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CMI targets 70% US aluminum can recycle rate by 2030


Higher recycle rates eyed for 2040, 2050

CMI pushing improved curbside recycling, charity partnerships

  • Author
  • Nick Lazzaro
  • Editor
  • James Bambino
  • Commodity
  • Metals Energy Transition
  • Tags
  • United States

The Can Manufacturers Institute and its member companies are committing to increase the US aluminum beverage can recycling rate to 70% by 2030 to capitalize on the metal's sustainability attributes, the institute's officials said Nov. 10.

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"If the aluminum beverage can recycle rate had been 70% in 2020 instead of [45% in 2020], there would have been approximately 25 billion more cans recycled," CMI President Robert Budway said during a presentation hosted by the institute in conjunction with the Aluminum Association.

"These 25 billion cans would have generated more than $400 million in revenue for the US recycling system and resulted in energy savings that could power more than one million US homes for the entire year," Budway said.

Budway said CMI is also targeting recycling rates of 80% by 2040 and over 90% by 2050.

Even at 45%, aluminum cans are recycled at a higher rate than other beverage container materials, "which is good, but not good enough," Aluminum Association Senior Director of External Affairs Matt Meenan said.

Scott Breen, CMI's vice president of sustainability, said the Institute aims to achieve the higher recycling targets through a four-pronged approach. The strategy involves advocacy for can deposit programs at the state and federal levels, improvement of consumer recycling options at home and away-from-home, recycling center upgrades to ensure proper material sorting and campaigns to increase consumer awareness of recycling and buyback programs.

As an example, improving US household access to curbside recycling collection would drastically divert aluminum cans away from the trash and back into the supply chain, he added.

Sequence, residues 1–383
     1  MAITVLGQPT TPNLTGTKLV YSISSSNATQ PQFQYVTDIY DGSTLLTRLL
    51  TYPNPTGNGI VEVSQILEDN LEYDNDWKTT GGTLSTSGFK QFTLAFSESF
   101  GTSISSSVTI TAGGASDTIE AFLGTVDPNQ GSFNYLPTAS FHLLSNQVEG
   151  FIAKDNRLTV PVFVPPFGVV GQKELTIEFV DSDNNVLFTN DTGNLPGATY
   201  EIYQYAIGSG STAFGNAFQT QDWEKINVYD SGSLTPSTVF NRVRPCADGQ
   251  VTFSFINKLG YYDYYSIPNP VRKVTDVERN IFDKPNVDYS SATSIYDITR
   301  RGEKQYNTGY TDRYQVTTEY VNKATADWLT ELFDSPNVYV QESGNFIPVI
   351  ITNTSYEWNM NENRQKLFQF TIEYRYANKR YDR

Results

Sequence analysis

"Households [without curbside access] sent 17 pounds of aluminum cans on average per year to the trash," Breen said. "That compares to households with curbside access and robust education sending only eight pounds of aluminum beverage cans to the trash."

Breen said CMI would also explore partnership opportunities with charities to increase away-from-home recycling efforts at public venues that primarily use aluminum cans instead of plastic bottles.

State-level programs prove effective

Breen said the combined aluminum can recycling rate among the 10 US states that currently offer container deposit programs reached 77% in 2018, higher than the 41% rate among states without such programs.

Raphael Thevenin, vice president of marketing and sales for CMI member and aluminum can sheet producer Constellium, said the company receives a large portion of its used beverage can supplies from states with container deposit programs.

"Aluminum can sheet producers, such as Constellium, recycled last year in the US nearly 47 billion aluminum beverage cans...and 40% of those came from just the 10 states that have a deposit system," he said. "We at Constellium support new, well-designed deposit systems so that we have additional used beverage cans to turn into new cans in as little as 60 days."

Constellium recycles used aluminum beverage cans for the production of can sheet that it supplies to can makers.

To expand on this success at the state-level, CMI and its members have recently formed a task force with the Aluminum Association to push for the implementation of well-designed deposit systems.

Breen said a country-wide deposit system organized at the federal level would be the most efficient and effective approach for can recycling, but CMI will first focus on advocacy at the state-level until a national effort can be implemented by policymakers.

"[A federal deposit program] would help avoid a patchwork of systems that not only the can manufacturers have to comply with, but everyone else needs to comply with," he added. "But having said that, we don't want to sit back and put all our eggs in one basket, so that's why the joint task force is going to decide on some key states to advocate for and hopefully make some new deposit systems there."